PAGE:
Swiss Foreign Minister Didier Burkhalter and his French colleague Laurent Fabius have agreed to review a proposed double taxation agreement that many of Switzerland’s cantons have called unfair.
Speaking in Paris on Thursday after meeting Fabius, Burkhalter said that he explained to the French minister that the accord had met some resistance and that it would be good to have another round of talks before the Swiss government signed the agreement.
Criticism of the proposed treaty has focused on the fact that it would help France recover inheritance tax from its citizens living in Switzerland and force Swiss who own property in France to be taxed there.
The agreement would affect 2,000 French millionaires currently living in Switzerland but also many of the 170,000 Swiss expats living in France.
According to a draft text leaked to the Le Temps newspaper a few weeks ago, “when an heir…resides in France at the time the person passes away, and they have been a resident there for at least six of the last ten years before they received the assets, France will tax all the assets received by this person.”
Under France’s existing 1953 convention governing inheritance with Switzerland, a French-based heir of a person residing in Switzerland is taxed by the relevant Swiss canton – for example, between zero per cent for Geneva and seven per cent for Vaud.
A number of Swiss cantons have complained that the accord would impinge on their right to levy taxes and could lead to fiscal losses. They are now hoping the government will change its mind or that parliament will refuse to ratify the treaty.
Burkhalter also defended the so-called Rubik accords with Britain, Germany and Austria, which regulate the previously non-declared, untaxed funds deposited by foreign nationals in Switzerland while preserving client anonymity.
France has so far rejected the idea of a bilateral accord with the Swiss concerning tax evasion, preferring an automatic data exchange as also demanded by the European Union.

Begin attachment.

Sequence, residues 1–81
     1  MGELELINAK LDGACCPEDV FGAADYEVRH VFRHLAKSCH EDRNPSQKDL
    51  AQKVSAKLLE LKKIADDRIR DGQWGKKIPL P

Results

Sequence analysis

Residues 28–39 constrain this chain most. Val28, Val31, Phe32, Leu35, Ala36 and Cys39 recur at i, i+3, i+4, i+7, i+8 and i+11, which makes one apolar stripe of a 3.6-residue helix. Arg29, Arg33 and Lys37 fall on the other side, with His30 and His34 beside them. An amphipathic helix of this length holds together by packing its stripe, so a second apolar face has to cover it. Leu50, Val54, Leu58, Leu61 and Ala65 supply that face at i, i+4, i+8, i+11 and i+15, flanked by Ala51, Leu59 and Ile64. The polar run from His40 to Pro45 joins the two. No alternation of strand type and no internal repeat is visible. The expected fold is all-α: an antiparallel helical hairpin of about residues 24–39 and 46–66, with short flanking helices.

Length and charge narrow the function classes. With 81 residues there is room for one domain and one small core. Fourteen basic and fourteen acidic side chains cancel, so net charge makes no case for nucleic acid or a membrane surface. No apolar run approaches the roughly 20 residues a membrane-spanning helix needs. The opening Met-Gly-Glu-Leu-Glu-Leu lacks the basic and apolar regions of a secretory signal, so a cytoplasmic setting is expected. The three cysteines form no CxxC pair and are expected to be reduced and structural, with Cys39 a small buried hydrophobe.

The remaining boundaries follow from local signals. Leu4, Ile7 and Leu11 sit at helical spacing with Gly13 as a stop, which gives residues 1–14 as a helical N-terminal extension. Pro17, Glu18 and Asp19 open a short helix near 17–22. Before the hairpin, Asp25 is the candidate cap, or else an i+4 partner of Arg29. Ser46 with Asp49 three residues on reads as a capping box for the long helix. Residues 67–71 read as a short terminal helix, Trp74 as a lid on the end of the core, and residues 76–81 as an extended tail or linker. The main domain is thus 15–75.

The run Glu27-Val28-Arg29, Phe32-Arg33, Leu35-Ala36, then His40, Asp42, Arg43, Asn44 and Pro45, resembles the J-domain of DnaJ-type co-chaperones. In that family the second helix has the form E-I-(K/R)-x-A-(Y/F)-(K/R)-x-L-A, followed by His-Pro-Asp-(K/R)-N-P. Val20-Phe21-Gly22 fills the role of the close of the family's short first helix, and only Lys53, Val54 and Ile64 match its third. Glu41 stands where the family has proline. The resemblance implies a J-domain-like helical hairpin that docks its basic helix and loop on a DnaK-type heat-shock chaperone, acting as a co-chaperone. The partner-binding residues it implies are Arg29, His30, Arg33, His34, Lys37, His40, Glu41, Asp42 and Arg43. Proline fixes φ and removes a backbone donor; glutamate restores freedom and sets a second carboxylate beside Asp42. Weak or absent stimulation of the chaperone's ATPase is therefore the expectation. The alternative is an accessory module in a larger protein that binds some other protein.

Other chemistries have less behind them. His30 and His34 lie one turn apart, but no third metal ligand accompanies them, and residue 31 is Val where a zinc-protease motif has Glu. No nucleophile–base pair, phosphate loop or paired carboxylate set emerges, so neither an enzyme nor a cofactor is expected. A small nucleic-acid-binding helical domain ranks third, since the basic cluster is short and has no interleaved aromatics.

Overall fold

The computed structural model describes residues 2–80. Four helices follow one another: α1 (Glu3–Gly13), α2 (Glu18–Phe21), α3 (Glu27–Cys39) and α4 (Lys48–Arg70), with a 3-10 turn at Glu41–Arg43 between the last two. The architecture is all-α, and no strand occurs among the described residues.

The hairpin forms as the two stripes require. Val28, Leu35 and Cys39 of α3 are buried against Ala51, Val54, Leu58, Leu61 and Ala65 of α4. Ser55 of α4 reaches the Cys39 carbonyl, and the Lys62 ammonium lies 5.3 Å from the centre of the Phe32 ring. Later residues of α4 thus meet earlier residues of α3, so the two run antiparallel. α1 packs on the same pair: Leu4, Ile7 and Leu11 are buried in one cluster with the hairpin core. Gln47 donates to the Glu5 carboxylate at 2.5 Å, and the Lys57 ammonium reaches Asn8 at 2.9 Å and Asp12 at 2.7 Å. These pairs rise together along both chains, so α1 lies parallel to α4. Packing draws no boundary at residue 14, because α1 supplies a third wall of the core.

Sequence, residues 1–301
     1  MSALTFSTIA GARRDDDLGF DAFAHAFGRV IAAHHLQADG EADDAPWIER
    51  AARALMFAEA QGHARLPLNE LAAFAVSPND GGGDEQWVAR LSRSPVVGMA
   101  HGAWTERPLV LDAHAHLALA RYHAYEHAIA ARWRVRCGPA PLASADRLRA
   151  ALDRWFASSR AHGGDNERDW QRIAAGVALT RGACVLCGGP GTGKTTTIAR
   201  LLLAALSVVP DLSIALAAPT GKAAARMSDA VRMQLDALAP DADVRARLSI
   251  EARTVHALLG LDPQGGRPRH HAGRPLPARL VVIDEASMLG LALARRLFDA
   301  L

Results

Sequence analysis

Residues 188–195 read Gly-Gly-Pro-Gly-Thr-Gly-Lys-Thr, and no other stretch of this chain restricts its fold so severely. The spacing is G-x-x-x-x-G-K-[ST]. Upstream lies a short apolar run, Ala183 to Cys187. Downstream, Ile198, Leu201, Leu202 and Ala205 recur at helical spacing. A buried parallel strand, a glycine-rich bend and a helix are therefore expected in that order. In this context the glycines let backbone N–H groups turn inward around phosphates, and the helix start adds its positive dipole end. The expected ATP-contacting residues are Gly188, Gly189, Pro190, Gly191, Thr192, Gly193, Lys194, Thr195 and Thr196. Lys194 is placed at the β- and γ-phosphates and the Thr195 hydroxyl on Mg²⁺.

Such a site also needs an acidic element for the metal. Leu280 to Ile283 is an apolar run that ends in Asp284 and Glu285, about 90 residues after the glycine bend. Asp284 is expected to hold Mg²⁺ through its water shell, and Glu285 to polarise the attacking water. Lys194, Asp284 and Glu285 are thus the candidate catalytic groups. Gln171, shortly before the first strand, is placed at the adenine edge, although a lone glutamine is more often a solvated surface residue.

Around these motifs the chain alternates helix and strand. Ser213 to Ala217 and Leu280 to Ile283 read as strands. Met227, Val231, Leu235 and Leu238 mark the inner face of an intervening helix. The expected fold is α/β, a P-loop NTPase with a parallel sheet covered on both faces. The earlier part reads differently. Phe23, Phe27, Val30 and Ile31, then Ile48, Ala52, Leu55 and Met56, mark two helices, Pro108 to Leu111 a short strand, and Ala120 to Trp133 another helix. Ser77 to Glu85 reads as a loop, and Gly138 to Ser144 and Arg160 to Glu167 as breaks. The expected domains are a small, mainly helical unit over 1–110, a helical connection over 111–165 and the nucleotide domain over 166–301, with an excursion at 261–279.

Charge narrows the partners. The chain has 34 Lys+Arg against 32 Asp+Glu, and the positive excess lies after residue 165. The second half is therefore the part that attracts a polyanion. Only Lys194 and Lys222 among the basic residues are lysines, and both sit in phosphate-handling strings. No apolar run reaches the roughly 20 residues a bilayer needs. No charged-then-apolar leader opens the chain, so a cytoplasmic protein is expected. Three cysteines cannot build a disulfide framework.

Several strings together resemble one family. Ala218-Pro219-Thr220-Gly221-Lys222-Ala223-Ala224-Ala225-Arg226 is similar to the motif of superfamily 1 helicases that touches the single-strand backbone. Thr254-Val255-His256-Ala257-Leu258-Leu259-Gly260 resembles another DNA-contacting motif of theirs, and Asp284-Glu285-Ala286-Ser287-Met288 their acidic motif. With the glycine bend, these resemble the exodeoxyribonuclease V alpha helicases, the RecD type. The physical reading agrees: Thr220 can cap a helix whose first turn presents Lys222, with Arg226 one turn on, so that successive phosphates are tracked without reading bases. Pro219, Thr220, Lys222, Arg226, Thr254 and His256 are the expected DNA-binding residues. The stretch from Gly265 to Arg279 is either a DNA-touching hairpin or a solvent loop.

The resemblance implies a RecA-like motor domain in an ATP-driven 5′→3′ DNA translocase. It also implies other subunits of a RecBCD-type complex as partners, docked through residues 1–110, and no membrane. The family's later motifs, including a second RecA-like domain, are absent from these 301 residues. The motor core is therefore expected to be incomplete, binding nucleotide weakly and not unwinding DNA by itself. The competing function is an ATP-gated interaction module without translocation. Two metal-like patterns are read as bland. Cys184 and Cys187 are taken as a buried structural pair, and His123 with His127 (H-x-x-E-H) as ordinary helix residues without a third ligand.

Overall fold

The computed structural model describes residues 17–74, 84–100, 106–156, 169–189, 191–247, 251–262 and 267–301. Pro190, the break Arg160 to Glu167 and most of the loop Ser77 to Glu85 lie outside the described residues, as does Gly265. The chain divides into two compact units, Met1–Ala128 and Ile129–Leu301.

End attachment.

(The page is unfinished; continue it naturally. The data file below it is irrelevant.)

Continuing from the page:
The accord suggested by the Swiss Bankers Association would allow French residents who are account holders to remain anonymous, with the Swiss authorities levying a tax and passing on the proceeds to the French.
“Laurent Fabius listened to our position and said he would look at the issue,” said Burkhalter. However, the French, like the Swiss, would prefer talks to be handled at the EU level, even if the details of a possible accord would vary from country to country, according to the Swiss foreign minister.
Thursday’s visit to Paris is part of Switzerland’s revamped foreign policy priorities for the next four years, which focus specifically on neighbouring countries.
Burkhalter has already met his counterparts from European Union member states Germany, France, Italy and Austria at least once since taking up his post at the beginning of the year. Switzerland is not a member of the EU.
Critics point out that Burkhalter has not been able to leave his mark so far. But others argue this is not necessarily his fault.
So far, Finance Minister Eveline Widmer-Schlumpf has kept a much higher profile in the media trying to seek solutions to conflicts with Berlin, Rome and Paris over tax issues.
As to the dispute with the EU over the future of bilateral relations, some parliamentarians believe the ball is entirely in Brussels’ court, despite Burkhalter’s declarations of intent.
“Or the EU has so many other problems that Switzerland has dropped down the list of priorities regardless of the name of the Swiss foreign minister,” Christian Democratic parliamentarian Jacques Neirynck put it.
Opinions among representatives from different parties are divided over Burkhalter’s style. Compared with his predecessor Micheline Calmy-Rey's penchant for extrovert appearances, he comes across to the public as low-profile and discreet, if not reserved.